There are a number of Court programs that may apply, depending on the circumstances of your case. If you have contested custody issues, the Court may refer you to Conciliation Services for mediation in order for you to attempt to work out an agreement. These are confidential proceedings. In the event that the parties cannot reach an agreement during mediation, the matter is referred back to the Court.
With regard to financial and other issues, the Court may refer the parties to Alternate Dispute Resolution. This is also called a settlement conference. An appointed judge pro tem will assist the parties in settling all issues.
The Court may also refer the parties to Expedited Services with regard to child support and child support enforcement issues.
Resolution Management Conferences
The Court generally schedules at least one Resolution Management Conference if the case is not quickly settled. During such conferences, the Court often schedules a trial date and inquires whether any agreements have been reached. The Court generally also inquires whether the parties have exchanged all relevant documents and other information. If agreed upon, the Court may enter interim orders regarding support, payment of bills and similar orders pending the final trial. The Court may also refer your case for mediation, Alternative Dispute Resolution, or other Court services.
There is often a need to file a request for temporary orders with the Court. This is a request that the Court enter certain orders pending the final trial or other disposition of the proceedings. Parties may request temporary orders regarding custody and visitation, child support, spousal maintenance, temporary use of the house, attorney's fees, payment of debts, access to financial accounts, use of property and other issues.
In many cases, parties do not know what assets or other property they have acquired or what the value of such property is. In some cases, certain funds may be missing or unaccounted for. It may be necessary to conduct certain written “discovery.” This may include written questions that the other party needs to answer, such as listings of assets and other information. Discovery may also include requesting documents from the other party. Subpoenas may also be issued to obtain documents from banks, employers and other sources. In some cases, depositions are necessary. During depositions, questions are asked to the other party or witnesses under oath.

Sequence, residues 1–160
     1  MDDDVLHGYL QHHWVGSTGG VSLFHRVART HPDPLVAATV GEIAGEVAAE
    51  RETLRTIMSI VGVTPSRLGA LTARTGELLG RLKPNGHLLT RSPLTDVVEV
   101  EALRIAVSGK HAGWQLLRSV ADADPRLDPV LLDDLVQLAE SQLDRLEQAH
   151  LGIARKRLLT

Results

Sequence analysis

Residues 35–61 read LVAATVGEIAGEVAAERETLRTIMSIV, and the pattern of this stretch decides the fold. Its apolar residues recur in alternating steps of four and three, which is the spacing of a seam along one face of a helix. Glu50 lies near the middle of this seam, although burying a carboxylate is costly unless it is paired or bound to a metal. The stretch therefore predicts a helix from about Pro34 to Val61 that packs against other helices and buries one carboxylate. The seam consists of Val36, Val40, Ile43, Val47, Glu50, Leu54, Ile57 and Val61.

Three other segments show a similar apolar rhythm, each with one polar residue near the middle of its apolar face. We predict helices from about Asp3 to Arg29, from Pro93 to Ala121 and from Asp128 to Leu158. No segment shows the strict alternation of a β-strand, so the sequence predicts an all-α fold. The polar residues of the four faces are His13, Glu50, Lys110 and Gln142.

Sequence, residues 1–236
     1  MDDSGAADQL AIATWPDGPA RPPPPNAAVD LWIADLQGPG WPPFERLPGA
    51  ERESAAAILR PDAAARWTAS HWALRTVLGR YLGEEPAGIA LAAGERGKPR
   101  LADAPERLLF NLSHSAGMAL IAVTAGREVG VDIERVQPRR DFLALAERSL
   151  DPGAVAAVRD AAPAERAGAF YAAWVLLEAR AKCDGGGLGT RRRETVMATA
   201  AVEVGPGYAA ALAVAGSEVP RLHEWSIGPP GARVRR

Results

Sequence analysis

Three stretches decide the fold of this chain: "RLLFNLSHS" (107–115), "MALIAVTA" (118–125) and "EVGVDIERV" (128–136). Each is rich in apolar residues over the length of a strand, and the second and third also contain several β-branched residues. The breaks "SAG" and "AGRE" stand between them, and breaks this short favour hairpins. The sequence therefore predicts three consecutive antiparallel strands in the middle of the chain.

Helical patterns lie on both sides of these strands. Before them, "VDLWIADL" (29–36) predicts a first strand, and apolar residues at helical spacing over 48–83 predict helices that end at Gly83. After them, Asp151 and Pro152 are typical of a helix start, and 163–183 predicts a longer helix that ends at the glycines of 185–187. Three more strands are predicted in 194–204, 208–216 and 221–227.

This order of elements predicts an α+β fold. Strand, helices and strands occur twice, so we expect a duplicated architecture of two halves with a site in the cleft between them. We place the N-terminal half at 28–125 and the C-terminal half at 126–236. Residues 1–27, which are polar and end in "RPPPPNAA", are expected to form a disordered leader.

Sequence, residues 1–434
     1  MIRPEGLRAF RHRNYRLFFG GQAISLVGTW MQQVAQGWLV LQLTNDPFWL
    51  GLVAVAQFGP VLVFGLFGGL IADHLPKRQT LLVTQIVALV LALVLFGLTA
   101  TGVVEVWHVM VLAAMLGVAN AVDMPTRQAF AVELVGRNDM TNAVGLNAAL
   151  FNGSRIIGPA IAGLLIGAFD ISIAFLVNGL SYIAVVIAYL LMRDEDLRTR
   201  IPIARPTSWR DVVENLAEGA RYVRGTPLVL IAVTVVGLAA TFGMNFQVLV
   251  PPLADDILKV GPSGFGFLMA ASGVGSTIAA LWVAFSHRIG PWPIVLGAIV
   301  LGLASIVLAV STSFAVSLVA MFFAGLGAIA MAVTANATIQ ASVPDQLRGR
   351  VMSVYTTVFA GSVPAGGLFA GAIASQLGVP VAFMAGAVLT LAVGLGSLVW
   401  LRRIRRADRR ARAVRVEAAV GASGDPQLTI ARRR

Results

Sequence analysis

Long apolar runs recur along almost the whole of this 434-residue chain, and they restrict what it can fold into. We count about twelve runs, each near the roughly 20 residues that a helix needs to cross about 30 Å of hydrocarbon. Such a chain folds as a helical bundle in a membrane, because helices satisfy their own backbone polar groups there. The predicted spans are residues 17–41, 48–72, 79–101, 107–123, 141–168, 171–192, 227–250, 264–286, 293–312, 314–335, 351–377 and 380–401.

Proceeding to Trial
If you cannot come to an agreement with your spouse on all issues, you will have to go to trial so that the judge can decide the issues for you. Prior to the matter being submitted to trial, the parties may need to file a document with the Court in order to obtain a trial date. This is a document letting the Court know that the parties are ready to proceed to trial. The Court will then schedule a pretrial hearing or Resolution Management Conference in which the Court addresses whether the parties have provided each other with all of the necessary information, and will generally schedule your case for trial.
Trials in divorce cases do not involve juries. Rather, your case will be tried before the assigned judge. Trials in divorce matters are usually scheduled for a half day, although in some cases more or less time is necessary. During trial, the parties present testimony, exhibits and other evidence that support their respective positions. After the trial is completed, the Court will enter its divorce decree or other judgment, which sets forth its specific findings and orders.
For more information about getting a divorce in Arizona, contact an attorney at Bishop & Martin Law Office today.